Key sees new moves to reduce child poverty; rejects 'Koru lounge talk' of using outright majority of to 'veer to the right'; Labour in chaos

Key sees new moves to reduce child poverty; rejects 'Koru lounge talk' of using outright majority of to 'veer to the right'; Labour in chaos

By Bernard Hickey

Prime Minister John Key is pushing ahead with government-forming discussions with support partners, despite calls for National to use its outright majority to veer to the right and enact tougher economic and social reforms.

His comments came as Labour descended into an all-out brawl for the leadership, with David Cunliffe refusing to step aside and trying vainly to gag his leadership rivals.

Key emphasised his plan to 'hug the centre' when he told TV3's John Campbell in a 22 minute interview that he had asked the Department for Prime Minister and Cabinet (DPMC) for more advice on reducing child poverty, particularly for those kids who were living in poverty despite also being in working households.

"This is one of the things I started to talk to Bill (English) about today. There are some children in situations where they may not be working, but they may be, working and benefits-based households, where we may not want to narrow the gap between welfare and working for the incentive reasons, but they still are victims aren't they?," Key said in the interview broadcast on Monday night.

"They live in that household and they are doing it tough. We have to work out -- are there things that we can do around provision for them, over and above what we're currently doing? Can we challenge ourselves on that? And in doing that, that we don't narrow those incentives," he said.

Asked if this was something new, Key said he had been talking to Bill English about it and thinking about it for some time.

"I still think there's more we can do. It's not necessarily at the benefit level. It's got to be (directly) into those youngsters. In a way, things like free doctor's visits are about that stuff and making sure all those things are wrapped around those youngsters," he said.

"Is there more we can do as we up-skill people? There is a legitimate concern from New Zealanders right across the income spectrum about helping people. They just will want to see that they want to help themselves. They do recognise that there are others that need more support. What they will want to see from the Government is that we deliver that support without entrapping people in long term dependency," he said.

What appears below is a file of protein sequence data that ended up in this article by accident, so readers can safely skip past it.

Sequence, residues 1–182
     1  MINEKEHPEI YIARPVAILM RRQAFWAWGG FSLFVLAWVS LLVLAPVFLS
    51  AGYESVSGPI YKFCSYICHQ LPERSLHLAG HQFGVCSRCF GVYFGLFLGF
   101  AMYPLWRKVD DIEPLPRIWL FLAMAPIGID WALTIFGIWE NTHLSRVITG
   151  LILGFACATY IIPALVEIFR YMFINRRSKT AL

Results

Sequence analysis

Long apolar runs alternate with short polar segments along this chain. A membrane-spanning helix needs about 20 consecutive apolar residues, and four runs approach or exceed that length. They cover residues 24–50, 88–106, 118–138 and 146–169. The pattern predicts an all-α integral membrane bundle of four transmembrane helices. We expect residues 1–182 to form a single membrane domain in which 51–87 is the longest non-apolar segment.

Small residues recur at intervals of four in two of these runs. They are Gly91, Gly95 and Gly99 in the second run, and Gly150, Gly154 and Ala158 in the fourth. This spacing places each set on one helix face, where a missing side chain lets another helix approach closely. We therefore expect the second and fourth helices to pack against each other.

"They want to see both sides -- the Government and the individuals themselves -- working our way through that issue. My sense is we can do more there. We just need to work on that issue. I've said to DPMC this morning I want to see more advice in that area of things we could do."

'No right turn'

Key has also been adamant in repeated post-election interviews that he wanted to form confidence and supply arrangements with ACT, United Future and Maori, as he had done in 2008 and 2011, despite there being no Parliamentary need for it.

"I like the concept of building a bigger majority. It's not just a matter of security, although that's important. I do genuinely believe the set-up we had in the past added to the depth and hopefully understanding and reach of the Government, so I'd like to have the Maori Party back, I'd like to have ACT back," he said.

"Just passing everything by the barest of majorities isn't the right way to govern, and I certainly don't think that would deliver a potential fourth term National Government," he said.

He has also warned against any signs of arrogance and rejected suggestions that National use its position to push through more right-wing reforms.

He referred in his Campbell Live interview to discussions he had already had with people in the Koru lounge suggesting National push ahead with more aggressive reforms and "veer to the right."

"I said to them the same thing I'd say in public. We need to hug the centre ground. We're a broad based party," he said.

The New Zealand Initiative's Oliver Hartwich was one of the first to argue that Key use National's unprecedented outright majority to pursue more aggressive reform.

"The Prime Minister should see that now is the time to go about those reforms which he may have wanted to implement in the past which he could not do. Now he has the political mandate, the parliamentary majority and political capital to achieve whatever he sets his eyes on," Hartwich said in this piece published on Interest.co.nz.

"The question is, will he go for it? Or will winning his fourth term hold him back from becoming a bolder reformer than he has been so far?," Hartwich said.

Meanwhile, Key told reporters before a 'super caucus' meeting in Wellington that he may not name his new Cabinet until after the return of special votes on October 4.

Cunliffe staggers on and lashes out

Meanwhile, Labour's implosion continues apace after its worst election result in 92 years.

David Cunliffe held an at-times bizarre news conference before Labour's first Parliamentary caucus meeting on Tuesday morning.

He first welcomed Labour's new Maori and Pacifica MPs as a bright spot in an otherwise "terrible result for Labour."

He said he took responsibility for the result, unlike in his widely criticised election night concession speech, but that he would not resign.

"We are all gutted at the loss of a number of excellent colleagues and we are all deeply concerned by the result of our party vote. I want to be clear that I, as leader, am responsible for that result," Cunliffe said.